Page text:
New universal antivenom could soon be available: study

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A puff adder is milked for venom in Kenya. —Reuters
A puff adder is milked for venom in Kenya. —Reuters

A groundbreaking study led by researchers has unveiled a significant stride towards creating a "universal antivenom" that could counteract the venom effects of any venomous snake, The Conversation reported.

The research, published in Science Translational Medicine, highlights the discovery of a laboratory-made antibody, named 95Mat5, created to counteract neurotoxins found in the venom of diverse snake species worldwide.

Venomous snakes claim up to 138,000 lives annually, with numerous survivors, particularly children and farmers, facing life-altering injuries and mental trauma.

The current antivenom production method, using horses injected with snake venom, presents challenges, including species specificity, low potency, and the risk of severe side effects due to foreign antibodies from horses.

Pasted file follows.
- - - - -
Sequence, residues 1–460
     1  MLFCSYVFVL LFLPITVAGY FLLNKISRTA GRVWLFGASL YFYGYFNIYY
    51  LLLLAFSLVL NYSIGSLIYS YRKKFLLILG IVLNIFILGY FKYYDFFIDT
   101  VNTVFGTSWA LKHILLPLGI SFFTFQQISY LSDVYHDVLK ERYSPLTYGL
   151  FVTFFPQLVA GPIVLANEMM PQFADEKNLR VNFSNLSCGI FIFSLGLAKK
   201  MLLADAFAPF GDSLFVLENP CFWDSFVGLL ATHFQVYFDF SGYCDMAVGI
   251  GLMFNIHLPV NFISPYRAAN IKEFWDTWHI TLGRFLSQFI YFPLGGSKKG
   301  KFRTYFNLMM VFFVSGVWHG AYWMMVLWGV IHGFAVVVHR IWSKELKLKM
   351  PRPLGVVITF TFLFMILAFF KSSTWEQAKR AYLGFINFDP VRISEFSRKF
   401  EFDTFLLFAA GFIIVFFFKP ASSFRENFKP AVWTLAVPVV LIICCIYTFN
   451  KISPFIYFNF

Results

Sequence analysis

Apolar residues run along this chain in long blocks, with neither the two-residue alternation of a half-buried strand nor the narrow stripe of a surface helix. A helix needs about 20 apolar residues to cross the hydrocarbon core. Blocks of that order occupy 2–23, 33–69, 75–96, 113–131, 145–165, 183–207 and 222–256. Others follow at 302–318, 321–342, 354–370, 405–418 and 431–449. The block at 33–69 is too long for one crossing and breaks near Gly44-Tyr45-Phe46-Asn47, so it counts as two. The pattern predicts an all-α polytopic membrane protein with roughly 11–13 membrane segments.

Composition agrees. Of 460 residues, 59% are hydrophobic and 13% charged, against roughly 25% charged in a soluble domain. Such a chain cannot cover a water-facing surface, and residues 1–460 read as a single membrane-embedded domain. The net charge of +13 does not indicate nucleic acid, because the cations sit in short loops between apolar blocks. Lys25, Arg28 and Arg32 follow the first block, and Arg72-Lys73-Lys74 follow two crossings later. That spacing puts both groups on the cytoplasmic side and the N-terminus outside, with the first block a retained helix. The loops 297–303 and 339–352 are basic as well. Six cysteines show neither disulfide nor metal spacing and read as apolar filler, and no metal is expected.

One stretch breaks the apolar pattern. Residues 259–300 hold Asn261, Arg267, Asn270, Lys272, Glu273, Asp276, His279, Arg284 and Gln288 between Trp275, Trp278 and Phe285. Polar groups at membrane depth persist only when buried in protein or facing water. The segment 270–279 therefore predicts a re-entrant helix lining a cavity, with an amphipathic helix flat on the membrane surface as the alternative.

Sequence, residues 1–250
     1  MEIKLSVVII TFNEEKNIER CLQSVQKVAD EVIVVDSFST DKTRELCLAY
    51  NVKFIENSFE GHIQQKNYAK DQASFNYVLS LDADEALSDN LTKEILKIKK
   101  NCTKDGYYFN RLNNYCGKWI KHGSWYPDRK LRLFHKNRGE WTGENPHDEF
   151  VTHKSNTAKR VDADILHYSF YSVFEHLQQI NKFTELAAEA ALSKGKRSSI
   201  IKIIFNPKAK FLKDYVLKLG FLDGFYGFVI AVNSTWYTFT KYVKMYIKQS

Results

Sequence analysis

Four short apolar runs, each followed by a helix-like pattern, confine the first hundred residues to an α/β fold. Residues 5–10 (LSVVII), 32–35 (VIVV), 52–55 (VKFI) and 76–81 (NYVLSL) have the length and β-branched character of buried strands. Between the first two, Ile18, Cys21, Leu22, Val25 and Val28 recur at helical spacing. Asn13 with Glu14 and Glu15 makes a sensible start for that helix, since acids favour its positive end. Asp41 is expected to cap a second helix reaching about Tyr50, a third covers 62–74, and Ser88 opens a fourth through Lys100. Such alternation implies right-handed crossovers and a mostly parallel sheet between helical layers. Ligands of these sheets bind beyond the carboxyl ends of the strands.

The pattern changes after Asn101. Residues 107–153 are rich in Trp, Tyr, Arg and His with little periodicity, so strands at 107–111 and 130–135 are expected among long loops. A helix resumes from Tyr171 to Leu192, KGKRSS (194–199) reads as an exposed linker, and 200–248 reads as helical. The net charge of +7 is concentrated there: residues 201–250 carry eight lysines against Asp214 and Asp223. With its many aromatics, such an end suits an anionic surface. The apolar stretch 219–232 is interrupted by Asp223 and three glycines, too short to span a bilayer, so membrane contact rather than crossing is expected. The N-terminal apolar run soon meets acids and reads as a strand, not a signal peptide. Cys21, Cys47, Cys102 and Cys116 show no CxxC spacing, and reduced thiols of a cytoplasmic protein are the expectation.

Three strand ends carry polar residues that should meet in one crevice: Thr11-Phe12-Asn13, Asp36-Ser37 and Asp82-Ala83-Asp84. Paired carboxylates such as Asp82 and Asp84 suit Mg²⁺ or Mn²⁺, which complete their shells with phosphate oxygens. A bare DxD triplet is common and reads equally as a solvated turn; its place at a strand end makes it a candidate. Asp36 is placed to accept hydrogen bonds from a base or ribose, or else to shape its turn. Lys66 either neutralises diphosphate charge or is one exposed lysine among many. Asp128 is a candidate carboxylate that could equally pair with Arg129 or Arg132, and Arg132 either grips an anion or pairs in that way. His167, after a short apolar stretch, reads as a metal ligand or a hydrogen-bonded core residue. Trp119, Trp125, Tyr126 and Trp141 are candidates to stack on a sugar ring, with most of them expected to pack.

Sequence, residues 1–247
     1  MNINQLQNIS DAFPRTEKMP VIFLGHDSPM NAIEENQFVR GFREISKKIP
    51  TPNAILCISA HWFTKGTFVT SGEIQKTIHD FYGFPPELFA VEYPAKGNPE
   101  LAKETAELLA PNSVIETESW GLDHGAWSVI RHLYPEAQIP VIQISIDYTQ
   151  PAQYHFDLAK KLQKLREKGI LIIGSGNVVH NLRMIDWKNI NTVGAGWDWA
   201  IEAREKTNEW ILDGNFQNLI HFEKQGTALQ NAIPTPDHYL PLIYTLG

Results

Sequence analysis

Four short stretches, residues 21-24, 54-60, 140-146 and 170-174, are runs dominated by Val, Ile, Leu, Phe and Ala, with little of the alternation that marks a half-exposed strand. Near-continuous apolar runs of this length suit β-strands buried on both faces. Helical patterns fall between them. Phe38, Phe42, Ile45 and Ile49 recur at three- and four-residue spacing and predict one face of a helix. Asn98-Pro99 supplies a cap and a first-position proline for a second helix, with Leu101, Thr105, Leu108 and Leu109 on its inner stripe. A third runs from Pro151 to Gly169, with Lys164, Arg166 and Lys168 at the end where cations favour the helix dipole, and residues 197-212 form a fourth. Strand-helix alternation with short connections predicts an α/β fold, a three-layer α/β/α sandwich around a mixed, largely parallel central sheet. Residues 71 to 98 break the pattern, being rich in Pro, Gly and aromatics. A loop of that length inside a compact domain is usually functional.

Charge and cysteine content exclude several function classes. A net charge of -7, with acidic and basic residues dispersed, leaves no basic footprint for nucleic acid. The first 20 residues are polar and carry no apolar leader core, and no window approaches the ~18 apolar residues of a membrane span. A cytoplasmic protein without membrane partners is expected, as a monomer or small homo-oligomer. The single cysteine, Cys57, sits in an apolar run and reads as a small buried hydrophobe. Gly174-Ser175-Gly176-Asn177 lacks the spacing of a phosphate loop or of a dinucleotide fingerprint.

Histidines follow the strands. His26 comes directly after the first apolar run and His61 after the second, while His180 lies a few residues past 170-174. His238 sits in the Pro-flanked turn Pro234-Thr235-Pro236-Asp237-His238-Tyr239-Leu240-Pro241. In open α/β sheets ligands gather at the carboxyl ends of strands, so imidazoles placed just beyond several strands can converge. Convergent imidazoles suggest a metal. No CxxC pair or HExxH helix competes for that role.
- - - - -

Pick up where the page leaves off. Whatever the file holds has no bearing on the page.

The newly developed antibody, 95Mat5, demonstrated success in preventing paralysis and death when tested against lethal doses of venom in mice. 

While promising, the researchers acknowledge the need for additional antibodies to address different toxin types present in snake venoms, such as haemotoxins and cytotoxins.

Creating a truly universal antivenom will require identifying additional antibodies that can broadly neutralise various toxin types, ultimately forming a comprehensive solution for snakebite victims. 

However, challenges remain, including the necessity for extensive human trials to ensure effectiveness and safety, as well as overcoming storage and distribution obstacles in regions with unreliable electricity.

Despite the potential hurdles, the research marks a hopeful step towards developing a more accessible and efficient antivenom for snakebite victims, with the ultimate goal of saving lives and mitigating the impact of snake envenomation worldwide.